In December 2016, the Applied Research Conference took place at Westminster Business School in London. This annual conference was set up to showcase and debate academic research in people management, employment and learning and development. As well as looking at theoretical and empirical advances, the conference has a particular focus on the practical application of research to labour markets and organisational life. The conference exists to strengthen the links between academics and practitioners and is thus aimed at both audiences.

The three plenary sessions from the 2016 conference were recorded and can be watched below. In the second tab, you can access seven research papers. We hope you find them interesting.

Video plenary sessions


Flexibility bites back? What flexibility really means for workers, organisations and society

Jill Rubery, Professor of Comparative Employment Systems, Alliance Manchester Business School, University of Manchester

Flexible employment is said to have many benefits, whether in raising employment, offering choice and options for work life balance or making best use of new technologies. This rosy view overlooks hidden costs; in the heavy price that individuals often pay for rights to work flexibly, in the loss of employee goodwill and knowledge and in the societal costs of supporting low wages and variable hours employment through tax credits, to name but a few. Jill reviews these hidden consequences and considers what can be done to create a more inclusive and fair labour market.

Chaired by Siobhan Sheridan, Director of HR, NSPCC


I-deals: Making idiosyncratic deals work for individuals, co-workers and organizations

Denise Rousseau, H.J. Heinz University Professor of Organizational Behavior and Public Policy, Carnegie Mellon University

I-deals that individual employees bargain for themselves occur at all levels in organizations. Providing flexibility and well-targeted rewards, i-deals improve retention and performance, can be useful for high performers and average employees and help resolve problems of low performers, but only if their unintended consequences for co-workers, supervisors and the i-dealer are well-managed. Evidence points to the do’s and don’ts of i-deals, ways of making them “win-win-win” or at least “win-win-no loss”, and a source of innovation in HR practice and policy.

Chaired by Siobhan Sheridan, Director of HR, NSPCC


21st Century HR: Designing HR for a horizontal world

Paul Sparrow, Emeritus Professor of International HRM, Lancaster University Management School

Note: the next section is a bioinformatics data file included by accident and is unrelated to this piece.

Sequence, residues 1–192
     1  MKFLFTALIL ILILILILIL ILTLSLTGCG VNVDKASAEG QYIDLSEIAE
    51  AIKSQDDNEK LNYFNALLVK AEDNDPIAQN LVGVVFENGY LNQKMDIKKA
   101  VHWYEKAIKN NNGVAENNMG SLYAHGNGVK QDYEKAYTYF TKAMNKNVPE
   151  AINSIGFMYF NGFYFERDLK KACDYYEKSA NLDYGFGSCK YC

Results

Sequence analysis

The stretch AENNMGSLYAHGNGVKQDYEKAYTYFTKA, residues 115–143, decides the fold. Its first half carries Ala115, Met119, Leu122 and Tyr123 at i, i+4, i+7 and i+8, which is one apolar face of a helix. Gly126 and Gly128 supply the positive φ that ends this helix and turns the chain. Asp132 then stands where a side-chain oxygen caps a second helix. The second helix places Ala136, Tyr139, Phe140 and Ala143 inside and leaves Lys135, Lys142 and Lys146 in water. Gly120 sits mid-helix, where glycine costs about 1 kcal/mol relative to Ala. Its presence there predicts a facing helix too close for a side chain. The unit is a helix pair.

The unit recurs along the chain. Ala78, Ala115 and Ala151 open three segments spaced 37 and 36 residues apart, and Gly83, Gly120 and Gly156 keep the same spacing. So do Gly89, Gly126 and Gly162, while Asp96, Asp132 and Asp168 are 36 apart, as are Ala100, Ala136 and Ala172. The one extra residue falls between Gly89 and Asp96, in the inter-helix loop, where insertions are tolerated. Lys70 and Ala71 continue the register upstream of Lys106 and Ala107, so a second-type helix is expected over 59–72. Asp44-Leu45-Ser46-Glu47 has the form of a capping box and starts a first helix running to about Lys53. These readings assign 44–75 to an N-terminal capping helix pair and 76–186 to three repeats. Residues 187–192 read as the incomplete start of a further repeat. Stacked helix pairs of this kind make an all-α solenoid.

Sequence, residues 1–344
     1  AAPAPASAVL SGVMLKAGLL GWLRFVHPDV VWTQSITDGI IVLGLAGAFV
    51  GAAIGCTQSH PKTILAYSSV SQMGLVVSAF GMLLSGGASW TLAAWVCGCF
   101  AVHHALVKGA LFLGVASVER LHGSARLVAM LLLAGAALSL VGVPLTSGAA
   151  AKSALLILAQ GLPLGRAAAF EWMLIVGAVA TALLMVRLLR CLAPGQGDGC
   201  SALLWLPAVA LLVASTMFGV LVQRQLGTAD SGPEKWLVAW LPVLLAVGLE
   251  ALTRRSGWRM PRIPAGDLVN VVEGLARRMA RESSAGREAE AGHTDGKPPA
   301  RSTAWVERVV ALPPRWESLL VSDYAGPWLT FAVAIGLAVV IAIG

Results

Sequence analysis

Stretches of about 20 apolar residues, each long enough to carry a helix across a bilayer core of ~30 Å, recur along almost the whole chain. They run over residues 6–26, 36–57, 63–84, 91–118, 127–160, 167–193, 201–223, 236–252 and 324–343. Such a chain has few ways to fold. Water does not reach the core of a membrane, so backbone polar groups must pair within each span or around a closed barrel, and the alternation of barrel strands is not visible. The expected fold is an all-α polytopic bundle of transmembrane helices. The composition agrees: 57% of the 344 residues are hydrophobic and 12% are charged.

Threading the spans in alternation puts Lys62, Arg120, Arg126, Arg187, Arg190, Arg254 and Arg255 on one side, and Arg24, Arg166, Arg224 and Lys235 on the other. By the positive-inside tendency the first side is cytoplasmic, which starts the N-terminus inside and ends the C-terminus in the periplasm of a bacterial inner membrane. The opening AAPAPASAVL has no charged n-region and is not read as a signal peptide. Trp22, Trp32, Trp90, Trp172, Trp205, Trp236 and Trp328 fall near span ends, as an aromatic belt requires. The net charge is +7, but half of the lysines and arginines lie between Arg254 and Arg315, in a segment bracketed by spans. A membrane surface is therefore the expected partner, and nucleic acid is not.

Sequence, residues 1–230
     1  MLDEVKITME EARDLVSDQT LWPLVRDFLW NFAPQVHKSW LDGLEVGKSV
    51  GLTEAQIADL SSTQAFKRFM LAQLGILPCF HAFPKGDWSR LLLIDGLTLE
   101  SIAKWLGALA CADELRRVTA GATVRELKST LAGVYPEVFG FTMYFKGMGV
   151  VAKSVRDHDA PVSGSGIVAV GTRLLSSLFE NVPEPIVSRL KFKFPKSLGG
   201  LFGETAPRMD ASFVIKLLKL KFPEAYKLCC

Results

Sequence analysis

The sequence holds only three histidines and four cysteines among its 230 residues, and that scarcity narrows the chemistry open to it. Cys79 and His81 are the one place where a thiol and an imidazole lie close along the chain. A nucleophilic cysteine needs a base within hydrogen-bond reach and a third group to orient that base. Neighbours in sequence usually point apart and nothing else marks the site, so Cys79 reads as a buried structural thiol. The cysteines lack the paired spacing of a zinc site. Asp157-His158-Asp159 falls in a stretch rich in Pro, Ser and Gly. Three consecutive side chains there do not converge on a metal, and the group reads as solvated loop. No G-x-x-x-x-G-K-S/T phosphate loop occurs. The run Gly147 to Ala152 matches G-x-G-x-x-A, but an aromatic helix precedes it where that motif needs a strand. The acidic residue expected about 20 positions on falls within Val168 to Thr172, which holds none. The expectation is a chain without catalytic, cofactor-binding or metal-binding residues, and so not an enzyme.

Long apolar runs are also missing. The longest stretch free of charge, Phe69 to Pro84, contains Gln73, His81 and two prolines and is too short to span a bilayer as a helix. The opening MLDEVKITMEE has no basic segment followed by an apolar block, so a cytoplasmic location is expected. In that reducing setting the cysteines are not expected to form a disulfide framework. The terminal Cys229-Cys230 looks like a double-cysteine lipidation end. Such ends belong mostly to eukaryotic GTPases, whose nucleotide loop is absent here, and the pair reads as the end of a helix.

Paul’s general prognosis for HR is a challenging one. To avoid being bit-part players, HR functions need to fight for horizontal space in their organisations, relating closely to cross-cutting business critical issues such as productivity and innovation. These are not only internal matters; they also relate to external trends, for example in skills and automation. People strategies need to be aligned with such broader changes and HR leaders can fill the role of ‘bringing them into’ the organisation. The people agenda is huge but it has implications for what the HR profession focuses on and how it develops competencies.

Chaired by Brad Taylor, Head of People, CIPD

Research papers

An investigation of Asperger Syndrome in the employment context

Anne Cockayne, Nottingham Business School
Lara Warburton, Rolls-Royce Plc

Does intense ICT use after work help or hinder psychological recovery?

Dr Cristina Quinones, Open University Business School, Department of People and Organisations

‘Fatherhood forfeits’ and ‘motherhood penalties’: An exploration of UK management selection decision-making on parent applicants

Jasmine Kelland, Plymouth University, Post Graduate School of Management

Fragmented time and domiciliary care quality: ‘No one sets out to provide bad care, but you’re dragged to it, dragged into the gutter’


Professor Carol Atkinson, Manchester Metropolitan University Business School
Dr Sarah Crozier, Manchester Metropolitan University Business School

Human resources, ethics and corporate social responsibility: what makes ‘people’ count within the organisation’s corporate social responsibility platform?

Cecilie Bingham, University of Westminster Business School
Professor Jan Druker, University of Westminster Business School

Paying for performance in Britain: Does the type of job matter?

Dr Mark Williams, University of Surrey
Dr Ying Zhou, University of Surrey

The impact of changing management practices on the morale of contact centre workers


Dr Ben Hardy, SOAS, University of London
Dr Tanya Alcock and Dr Jon Malpass, Research and Innovation, BT Technology, Services and Operations